A new study published in Anticancer Research concluded that breast cancer patients with high levels of vitamin D in their blood are twice as likely to survive the disease as women with low levels of this nutrient. The researchers performed a statistical analysis of five studies of 25-hydroxyvitamin D obtained at the time of the patients diagnosis and their followup for an average of nine years on 4,443 breast cancer patients. The researcher said “Vitamin D metabolites increase communication between cells by switching on a protein that blocks aggressive cell division. As long as vitamin D receptors are present tumor growth is prevented and kept from expanding its blood supply. Vitamin D receptors are not lost until a tumor is very advanced. This is the reason for better survival in patients whose vitamin D blood levels are high.”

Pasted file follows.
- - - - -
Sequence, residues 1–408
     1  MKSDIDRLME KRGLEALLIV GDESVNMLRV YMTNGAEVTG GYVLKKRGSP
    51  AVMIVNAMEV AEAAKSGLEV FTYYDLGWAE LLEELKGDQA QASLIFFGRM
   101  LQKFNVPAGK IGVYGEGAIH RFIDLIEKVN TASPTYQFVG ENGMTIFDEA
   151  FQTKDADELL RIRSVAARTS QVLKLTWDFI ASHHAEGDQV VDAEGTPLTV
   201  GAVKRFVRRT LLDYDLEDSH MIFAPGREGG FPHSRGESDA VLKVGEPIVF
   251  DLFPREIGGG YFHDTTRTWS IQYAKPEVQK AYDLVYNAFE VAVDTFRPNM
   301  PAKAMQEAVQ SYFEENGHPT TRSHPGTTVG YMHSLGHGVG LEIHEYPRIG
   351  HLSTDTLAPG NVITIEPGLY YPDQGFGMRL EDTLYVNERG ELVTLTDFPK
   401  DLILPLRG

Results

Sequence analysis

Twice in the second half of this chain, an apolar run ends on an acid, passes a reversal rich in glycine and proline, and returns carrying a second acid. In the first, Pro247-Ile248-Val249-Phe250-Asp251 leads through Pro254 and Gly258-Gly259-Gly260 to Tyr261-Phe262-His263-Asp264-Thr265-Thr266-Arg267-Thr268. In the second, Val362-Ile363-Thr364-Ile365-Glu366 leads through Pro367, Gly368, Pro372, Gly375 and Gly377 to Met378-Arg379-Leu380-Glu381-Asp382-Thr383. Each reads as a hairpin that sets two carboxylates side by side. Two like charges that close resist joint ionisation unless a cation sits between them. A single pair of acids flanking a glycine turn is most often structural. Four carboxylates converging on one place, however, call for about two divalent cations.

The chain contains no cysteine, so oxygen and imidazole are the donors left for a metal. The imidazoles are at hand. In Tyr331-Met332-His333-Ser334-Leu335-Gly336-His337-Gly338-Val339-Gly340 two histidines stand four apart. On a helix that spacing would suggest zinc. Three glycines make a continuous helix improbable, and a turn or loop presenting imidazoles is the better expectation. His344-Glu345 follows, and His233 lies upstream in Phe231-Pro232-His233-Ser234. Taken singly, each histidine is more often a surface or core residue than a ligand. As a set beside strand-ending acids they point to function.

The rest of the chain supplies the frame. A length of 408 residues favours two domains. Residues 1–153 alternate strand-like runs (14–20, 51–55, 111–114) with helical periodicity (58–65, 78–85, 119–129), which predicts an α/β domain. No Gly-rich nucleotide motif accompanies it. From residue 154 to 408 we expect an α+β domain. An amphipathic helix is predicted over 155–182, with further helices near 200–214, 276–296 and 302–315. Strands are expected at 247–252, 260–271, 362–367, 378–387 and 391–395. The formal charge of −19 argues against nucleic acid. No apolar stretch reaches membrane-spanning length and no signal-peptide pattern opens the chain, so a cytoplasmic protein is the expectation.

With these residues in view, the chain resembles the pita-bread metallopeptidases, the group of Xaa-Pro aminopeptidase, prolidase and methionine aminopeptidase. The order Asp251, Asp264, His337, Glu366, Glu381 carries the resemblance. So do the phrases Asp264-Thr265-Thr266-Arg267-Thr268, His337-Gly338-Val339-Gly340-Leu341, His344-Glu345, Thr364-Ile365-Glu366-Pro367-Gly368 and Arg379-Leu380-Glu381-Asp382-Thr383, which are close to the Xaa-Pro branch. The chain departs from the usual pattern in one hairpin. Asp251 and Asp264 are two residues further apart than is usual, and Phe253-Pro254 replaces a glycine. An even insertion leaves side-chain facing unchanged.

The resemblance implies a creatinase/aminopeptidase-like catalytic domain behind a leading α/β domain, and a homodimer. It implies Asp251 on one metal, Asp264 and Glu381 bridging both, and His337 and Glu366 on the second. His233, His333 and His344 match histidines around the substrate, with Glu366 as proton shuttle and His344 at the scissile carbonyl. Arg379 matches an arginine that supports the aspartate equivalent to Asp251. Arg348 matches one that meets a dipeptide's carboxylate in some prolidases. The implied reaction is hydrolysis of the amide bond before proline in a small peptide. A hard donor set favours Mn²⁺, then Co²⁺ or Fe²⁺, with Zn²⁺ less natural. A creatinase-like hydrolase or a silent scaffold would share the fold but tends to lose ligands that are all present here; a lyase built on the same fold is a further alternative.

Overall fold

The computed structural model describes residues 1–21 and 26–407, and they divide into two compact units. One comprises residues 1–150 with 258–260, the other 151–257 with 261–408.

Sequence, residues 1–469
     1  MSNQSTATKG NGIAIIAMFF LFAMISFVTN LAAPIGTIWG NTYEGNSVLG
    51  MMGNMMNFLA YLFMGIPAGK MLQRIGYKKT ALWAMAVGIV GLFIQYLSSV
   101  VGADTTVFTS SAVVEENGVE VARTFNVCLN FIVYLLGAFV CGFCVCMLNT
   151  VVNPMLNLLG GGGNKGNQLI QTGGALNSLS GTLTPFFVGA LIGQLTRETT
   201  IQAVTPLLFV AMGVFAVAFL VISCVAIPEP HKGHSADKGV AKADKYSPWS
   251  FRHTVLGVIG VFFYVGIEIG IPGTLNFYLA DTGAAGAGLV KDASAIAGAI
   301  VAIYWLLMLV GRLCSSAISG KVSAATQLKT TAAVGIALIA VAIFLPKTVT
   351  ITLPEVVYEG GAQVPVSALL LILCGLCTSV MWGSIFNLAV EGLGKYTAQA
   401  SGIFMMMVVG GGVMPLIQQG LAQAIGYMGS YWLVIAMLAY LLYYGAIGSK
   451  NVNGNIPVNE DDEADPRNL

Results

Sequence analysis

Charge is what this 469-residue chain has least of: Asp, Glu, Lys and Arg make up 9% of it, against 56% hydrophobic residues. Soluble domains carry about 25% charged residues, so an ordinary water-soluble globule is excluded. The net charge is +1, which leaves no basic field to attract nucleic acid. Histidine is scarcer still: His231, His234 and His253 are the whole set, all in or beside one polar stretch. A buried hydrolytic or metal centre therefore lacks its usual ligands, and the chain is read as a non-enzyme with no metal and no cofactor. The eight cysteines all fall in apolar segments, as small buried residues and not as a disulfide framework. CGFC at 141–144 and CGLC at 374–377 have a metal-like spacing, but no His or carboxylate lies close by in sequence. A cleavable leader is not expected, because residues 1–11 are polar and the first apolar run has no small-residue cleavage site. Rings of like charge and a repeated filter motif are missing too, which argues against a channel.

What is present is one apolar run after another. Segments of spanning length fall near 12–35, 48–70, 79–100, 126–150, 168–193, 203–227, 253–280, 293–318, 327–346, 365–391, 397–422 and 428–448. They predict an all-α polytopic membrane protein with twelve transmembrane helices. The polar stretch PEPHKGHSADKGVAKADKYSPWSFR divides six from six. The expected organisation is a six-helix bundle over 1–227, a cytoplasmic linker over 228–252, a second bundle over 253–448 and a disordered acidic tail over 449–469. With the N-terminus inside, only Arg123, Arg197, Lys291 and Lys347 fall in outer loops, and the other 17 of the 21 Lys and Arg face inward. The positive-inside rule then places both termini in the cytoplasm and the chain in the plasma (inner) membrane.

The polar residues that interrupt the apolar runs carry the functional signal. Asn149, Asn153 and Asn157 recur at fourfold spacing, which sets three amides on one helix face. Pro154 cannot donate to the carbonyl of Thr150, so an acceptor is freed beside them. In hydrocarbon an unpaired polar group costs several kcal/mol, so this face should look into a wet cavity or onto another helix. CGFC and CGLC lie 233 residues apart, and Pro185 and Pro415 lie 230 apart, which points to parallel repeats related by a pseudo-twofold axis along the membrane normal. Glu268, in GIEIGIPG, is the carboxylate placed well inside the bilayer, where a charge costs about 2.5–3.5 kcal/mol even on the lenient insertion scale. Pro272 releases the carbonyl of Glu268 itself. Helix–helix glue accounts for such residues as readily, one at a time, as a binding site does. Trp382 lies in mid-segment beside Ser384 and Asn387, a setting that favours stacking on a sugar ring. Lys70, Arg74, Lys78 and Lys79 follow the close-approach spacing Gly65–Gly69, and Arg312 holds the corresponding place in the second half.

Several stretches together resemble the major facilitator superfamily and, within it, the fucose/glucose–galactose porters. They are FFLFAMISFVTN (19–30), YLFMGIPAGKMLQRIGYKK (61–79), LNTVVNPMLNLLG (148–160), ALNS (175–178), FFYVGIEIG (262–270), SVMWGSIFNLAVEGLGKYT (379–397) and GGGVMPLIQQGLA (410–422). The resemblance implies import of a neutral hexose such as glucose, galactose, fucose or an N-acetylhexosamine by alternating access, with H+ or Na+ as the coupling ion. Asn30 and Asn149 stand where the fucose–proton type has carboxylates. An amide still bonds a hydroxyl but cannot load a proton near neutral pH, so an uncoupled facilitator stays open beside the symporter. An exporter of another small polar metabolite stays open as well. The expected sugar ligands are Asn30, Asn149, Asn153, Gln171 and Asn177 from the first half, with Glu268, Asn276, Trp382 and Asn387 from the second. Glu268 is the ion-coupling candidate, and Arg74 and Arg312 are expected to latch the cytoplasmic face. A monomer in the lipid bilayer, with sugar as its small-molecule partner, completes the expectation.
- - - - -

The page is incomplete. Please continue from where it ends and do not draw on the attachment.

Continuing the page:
Women in the high serum group had an average of 30 nanograms per milliliter (ng/ml) of 25-hydroxyvitamin D in their blood compared to an average of 17 ng/mg in the low group. In addition, the average level for breast cancer patients in the United States is 17ng/ml. Clinical trials to validate the findings were recommended as well as incorporating a safe dose of vitamin D as part of breast cancer care comparable to 4,000 International Units daily of vitamin D from food or supplements in order to reach a serum level of 50ng/ml.